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FROM THE ARCHIVES: Going Wild With Natives - Under The Pine Trees

By Susan Krzywicki, originally published in Let’s Talk Plants! November 2015, No. 254. Republished November 2023.

Under the pines... WiX stock photo.

Under The Pine Trees

Many San Diego gardens showcase lovely pine trees – the really lucky among us have the fabulous Torrey Pine, Pinus torreyana. With its windblown structure and deep green color, it is romantic and iconic.

Read more about the Torrey Pine here:

But there are other pines and conifers (non-native as well as native) that are grown here in gardens. And what to cultivate under them is an age-old question.

Native plants provide a great solution. The way to approach this is from a plant community perspective: find out what grows naturally in your location, then decide on an aesthetic strategy that gives you a long-lasting solution.

Here is a website that can help you do just that; type in your address or zip code and find a very specific list of plants for your location. Go to and click on “Enter a California address" or click the map to see plants native to that location at the middle top of the page.

Most pines are denizens of acid-soiled forests, rich in humus, but the Torrey seems to be left over from the Ice Age, sitting on coastal bluffs. This Coastal Sage Scrub region is the home of Sagebrush, Artemisia californica, Ceanothus, Ceanothus spp., Manzanita, Arctostaphylos spp., and Sages, Salvia spp. It extends along the ocean inward to the point where we no longer receive marine influence. Most of the rest of our county is the Chaparral plant community. Common Chaparral plants would include some larger shrubs such as mountain mahogany, Cercocarpus spp., toyon, Heteromeles arbutifolia, and lemonade berry, Rhus integrifolia. These all make good companion choices.

Design strategies for an attractive landscape

Because of the year-round needle drop and dense established root structures, consider:

· Plants with large, smooth leaves, or those with open-branching structures so the needles fall through and become mulch. Consider planting a ring of shrubs just outside the drip line that will minimize the pile-up of needles.

· Decomposed granite (DG) paths under the canopy and/or a circle around the tree, so you can rake the needles easily.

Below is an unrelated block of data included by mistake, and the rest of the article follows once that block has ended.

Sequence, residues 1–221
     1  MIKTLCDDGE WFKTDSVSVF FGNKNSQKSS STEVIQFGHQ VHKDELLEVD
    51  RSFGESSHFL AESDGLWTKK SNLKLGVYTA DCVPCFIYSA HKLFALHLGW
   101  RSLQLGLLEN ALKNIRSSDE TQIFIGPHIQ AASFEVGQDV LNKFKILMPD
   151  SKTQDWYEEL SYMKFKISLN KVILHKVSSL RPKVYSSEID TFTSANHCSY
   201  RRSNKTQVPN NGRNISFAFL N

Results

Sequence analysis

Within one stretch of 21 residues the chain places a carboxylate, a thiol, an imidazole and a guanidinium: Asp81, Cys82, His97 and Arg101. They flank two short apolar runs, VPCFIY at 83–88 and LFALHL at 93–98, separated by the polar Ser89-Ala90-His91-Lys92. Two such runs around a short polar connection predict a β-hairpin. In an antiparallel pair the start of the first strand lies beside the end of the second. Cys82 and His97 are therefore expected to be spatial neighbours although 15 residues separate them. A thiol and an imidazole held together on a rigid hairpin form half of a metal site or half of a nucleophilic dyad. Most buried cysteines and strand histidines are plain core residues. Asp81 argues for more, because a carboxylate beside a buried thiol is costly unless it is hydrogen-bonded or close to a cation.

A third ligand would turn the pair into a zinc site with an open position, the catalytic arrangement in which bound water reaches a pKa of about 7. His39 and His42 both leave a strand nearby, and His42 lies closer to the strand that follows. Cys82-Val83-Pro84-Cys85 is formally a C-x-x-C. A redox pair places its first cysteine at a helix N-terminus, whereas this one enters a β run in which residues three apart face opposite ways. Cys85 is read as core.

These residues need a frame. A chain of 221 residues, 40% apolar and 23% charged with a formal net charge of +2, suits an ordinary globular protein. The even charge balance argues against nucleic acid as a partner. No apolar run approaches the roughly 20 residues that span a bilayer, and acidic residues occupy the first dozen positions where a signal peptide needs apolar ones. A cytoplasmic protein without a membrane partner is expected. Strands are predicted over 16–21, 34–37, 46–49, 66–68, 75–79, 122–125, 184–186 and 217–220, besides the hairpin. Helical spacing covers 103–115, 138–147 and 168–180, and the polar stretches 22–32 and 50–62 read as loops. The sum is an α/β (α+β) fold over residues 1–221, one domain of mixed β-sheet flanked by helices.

· Large pots filled with shade-loving plants. If you’ve created a DG area, you could use pots on casters. Run drip emitters to the pots.

Plant choices that work in the dry shade and beyond

To create a garden under the canopy itself:

· Bush Anemone (Carpenteria californica)

· California Wild Rose (Rosa californica)

· California strawberry (Fragaria californica)

· Coral bells or alum root (Heuchera micrantha)

· Currants and gooseberries (Ribes spp.)

· Douglas Iris (Iris douglasiana)

· Oregon Grape (Berberis aquifolium)

· Sword fern (Polystichum munitum)

· Yarrow (Achillea millefolium) *2023 Editor’s note: Yarrow is the 2024 Herb of the Year™ as designated by the International Herb Association

· Yerba Buena (Satureja douglasii)

Use these choices at the drip line and beyond

· Bush monkeyflower (Mimulus aurantiacus)

· California fuchsia (Epilobium canum)

· Ceanothus (Ceanothus spp.)

· Deer grass (Muhlenbergia rigens)

· Manzanita (Arctostaphylos spp.)

· Penstemon (Penstemon spp.)

· Purple needlegrass (Nassella pulchra)

· Salvia (Salvia spp.)

· San Luis Obispo coyote mint (Monardella villosa obispoensis)

· Sulfur flower (Eriogonum umbellatum ‘Shasta Daisy’)

Screenshot of the original printed article.


Susan Krzywicki.

Member Susan Krzywicki is a native plant landscape designer in San Diego. She has been the first Horticulture Program Director for the California Native Plant Society, as well as chair of the San Diego Surfrider Foundation Ocean Friendly Gardens Committee and is on the Port of San Diego BCDC for the Chula Vista Bayfront.

Contact her at -


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